Yoga has become very popular for a few decades in the West. The practice of yoga has spread widely on social networks, in the media, or via online course platforms. As a result, there are more and more studios offering yoga classes for beginners.
The reasons for this? Most often a stressful living environment, and/or a search for more well-being and serenity.
But you can quickly feel lost in the flood of different approaches. We don’t always know where to start, what form of yoga to choose, whether to take classes…
Yoga is an ancestral discipline with its origins in India, the first traces of which appeared more than 5,000 years ago.
In the West, it is often reduced to its only physical aspect: the practice of asanas. However, yoga is much broader than its physical practice alone.
The term “Yoga” means union. It is “the union of the individual soul with the universal spirit”. We can summarize this somewhat abstract phrase by the union of the body with the mind, and of the mind with the soul.
Yoga is a universal culture, which is addressed to all humanity. Even if you’re just starting out, this shouldn’t scare you or put you off, quite the contrary.
Yoga works on the whole individual
In reality, there are as many ways of understanding yoga as there are humans on this earth.
The postures that are commonly associated with yoga, called asanas, are only the tip of the iceberg (but not the least important). But this is not just physical activity.
Going to a yoga studio to take a class like you would do abs and glutes at the gym will not be of much interest.
As well as forcing yourself to the physical practice of yoga without understanding a minimum of the why and how. Above all, you risk sinking into boredom or perplexity.
The myriad of benefits one can derive from yoga come from understanding it.
But to understand, it’s like for everything: you have to study.
I will not list here all the foundations and teachings of yoga, which alone require a whole book.
On the other hand, I will give you some important advice to help you take the step towards the discovery and practice of yoga. And you can see it for yourself, it’s a wonderful adventure!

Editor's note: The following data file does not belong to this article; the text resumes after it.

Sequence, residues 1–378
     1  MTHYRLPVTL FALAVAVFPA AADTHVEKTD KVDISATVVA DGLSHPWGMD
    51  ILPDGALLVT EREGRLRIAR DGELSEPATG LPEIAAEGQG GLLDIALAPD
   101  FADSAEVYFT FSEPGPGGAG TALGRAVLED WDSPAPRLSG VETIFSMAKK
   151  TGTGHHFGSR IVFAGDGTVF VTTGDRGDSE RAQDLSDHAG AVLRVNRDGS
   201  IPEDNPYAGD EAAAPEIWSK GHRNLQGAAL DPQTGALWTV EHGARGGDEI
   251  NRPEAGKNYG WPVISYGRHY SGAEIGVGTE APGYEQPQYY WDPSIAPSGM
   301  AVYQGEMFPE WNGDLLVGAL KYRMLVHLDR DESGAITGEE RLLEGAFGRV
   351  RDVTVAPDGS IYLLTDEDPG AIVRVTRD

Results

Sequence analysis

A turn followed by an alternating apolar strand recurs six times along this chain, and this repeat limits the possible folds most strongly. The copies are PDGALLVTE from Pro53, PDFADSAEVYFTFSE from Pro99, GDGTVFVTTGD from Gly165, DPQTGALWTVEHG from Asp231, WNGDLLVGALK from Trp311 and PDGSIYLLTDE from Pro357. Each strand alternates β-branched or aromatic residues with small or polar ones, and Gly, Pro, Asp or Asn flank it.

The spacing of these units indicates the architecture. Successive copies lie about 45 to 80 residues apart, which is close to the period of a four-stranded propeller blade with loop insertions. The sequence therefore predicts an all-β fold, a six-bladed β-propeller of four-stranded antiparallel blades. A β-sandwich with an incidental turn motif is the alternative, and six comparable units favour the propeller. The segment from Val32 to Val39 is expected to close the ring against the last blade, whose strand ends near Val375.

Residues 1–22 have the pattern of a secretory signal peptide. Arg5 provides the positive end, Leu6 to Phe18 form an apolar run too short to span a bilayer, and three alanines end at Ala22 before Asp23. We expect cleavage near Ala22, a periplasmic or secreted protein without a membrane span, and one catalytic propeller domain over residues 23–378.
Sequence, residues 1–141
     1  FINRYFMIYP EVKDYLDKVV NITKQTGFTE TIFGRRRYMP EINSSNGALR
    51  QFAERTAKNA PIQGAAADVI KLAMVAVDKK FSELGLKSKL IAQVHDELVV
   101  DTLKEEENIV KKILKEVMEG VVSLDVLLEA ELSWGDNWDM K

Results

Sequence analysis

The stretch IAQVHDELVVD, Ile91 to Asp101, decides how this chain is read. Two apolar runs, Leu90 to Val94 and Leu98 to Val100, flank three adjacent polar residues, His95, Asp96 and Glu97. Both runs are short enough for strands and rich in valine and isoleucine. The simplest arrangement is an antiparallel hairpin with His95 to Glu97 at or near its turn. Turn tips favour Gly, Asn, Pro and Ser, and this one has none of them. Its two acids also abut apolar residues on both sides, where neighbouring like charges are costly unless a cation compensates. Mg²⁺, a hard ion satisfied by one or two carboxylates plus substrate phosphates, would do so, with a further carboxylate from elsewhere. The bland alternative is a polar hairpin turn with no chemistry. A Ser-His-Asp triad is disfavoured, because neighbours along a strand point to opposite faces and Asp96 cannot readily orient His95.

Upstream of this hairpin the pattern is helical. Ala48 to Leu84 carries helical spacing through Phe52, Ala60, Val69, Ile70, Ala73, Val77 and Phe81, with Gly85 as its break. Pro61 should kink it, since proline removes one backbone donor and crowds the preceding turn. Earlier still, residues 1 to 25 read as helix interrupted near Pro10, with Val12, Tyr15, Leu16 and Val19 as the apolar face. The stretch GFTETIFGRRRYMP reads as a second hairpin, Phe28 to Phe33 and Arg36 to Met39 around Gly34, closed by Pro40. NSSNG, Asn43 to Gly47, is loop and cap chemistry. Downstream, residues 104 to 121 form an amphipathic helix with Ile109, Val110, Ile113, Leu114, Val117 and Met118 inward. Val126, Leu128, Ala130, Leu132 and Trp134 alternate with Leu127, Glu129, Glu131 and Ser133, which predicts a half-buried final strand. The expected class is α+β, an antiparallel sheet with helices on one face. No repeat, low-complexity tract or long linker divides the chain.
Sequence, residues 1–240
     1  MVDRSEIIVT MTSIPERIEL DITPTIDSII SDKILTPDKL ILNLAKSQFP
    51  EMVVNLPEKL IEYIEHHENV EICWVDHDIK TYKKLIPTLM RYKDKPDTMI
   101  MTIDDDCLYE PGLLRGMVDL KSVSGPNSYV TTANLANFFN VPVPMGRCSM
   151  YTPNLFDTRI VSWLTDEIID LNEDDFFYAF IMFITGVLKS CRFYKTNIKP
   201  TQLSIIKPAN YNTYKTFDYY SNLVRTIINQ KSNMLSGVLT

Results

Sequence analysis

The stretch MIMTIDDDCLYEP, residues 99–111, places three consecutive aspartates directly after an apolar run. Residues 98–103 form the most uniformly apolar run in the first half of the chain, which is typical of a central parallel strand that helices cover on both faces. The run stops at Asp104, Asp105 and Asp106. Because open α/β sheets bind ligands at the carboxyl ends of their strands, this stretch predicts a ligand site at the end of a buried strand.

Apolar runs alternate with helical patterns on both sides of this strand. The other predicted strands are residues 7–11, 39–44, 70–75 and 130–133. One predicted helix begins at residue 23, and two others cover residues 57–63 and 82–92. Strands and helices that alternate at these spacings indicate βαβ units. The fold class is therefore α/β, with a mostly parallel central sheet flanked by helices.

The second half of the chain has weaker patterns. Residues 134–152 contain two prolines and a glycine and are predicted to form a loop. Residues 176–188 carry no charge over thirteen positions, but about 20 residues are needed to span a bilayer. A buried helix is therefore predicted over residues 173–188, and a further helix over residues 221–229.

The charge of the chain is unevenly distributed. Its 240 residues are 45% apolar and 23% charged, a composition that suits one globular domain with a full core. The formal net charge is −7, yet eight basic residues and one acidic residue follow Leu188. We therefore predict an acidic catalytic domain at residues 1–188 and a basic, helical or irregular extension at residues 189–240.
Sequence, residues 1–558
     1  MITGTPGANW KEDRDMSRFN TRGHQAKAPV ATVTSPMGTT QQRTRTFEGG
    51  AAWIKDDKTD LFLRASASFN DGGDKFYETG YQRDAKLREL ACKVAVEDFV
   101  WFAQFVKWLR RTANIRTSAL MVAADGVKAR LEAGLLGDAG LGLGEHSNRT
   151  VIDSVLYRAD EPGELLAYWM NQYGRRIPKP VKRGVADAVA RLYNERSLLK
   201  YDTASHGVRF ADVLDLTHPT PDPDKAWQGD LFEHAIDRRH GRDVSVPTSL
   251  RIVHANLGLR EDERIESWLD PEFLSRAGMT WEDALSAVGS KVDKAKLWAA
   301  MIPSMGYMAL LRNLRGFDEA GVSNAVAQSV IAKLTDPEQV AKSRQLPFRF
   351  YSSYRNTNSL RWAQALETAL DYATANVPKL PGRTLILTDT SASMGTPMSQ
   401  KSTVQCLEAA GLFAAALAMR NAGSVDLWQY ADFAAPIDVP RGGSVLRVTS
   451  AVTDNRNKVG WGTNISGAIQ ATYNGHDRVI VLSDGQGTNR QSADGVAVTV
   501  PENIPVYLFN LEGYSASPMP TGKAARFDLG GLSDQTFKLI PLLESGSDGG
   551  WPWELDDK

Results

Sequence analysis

My 3 yoga tips for beginners
1. Study, read, learn
Yoga is vast and can seem complex because it involves all the parts that constitute the individual and the living.
You have to make the effort to take an interest in it to understand the basics. Both to assimilate the lessons but also to derive great benefits over time.
It is not an express method, but a personal journey with many benefits, which everyone approaches at their own pace and in their own way.
I strongly recommend that you read The Way to Inner Peace by B.K.S. Iyengar. This book will help you understand the foundations of yoga and begin your personal reflection.
2. Go ahead and start practicing yoga!
Above all, do not wait to have a certain physical level to practice.
You can decide today to roll out your mat and start your moving meditation.
The book The Yoga Bible will greatly help you to select the postures that will be beneficial to you. And you can always adapt them according to your current physical possibilities. Start with a few minutes, experiment, feel…
Gradually your practice will take shape, and your reflection will deepen…
Always remember that there is no ideal level or age to start yoga and reap all its benefits.
And you shouldn’t believe that you absolutely have to be flexible to practice (read my article on this question of flexibility in yoga)
3. Test different approaches…
Yoga has many facets and its practices are varied. So be curious! And don’t hesitate to explore new avenues.
For example, hear about great yogis (many of them are frequent podcast guests, such as Sadhguru in Brian Rose’s London Real podcast).
Or, if there are beginner yoga classes near you, why not walk through the door of their studio? You will be able to try their different courses.
Maybe being in a group will reassure you in your practice… Or maybe you will feel better alone. Once again, everyone has their own approach.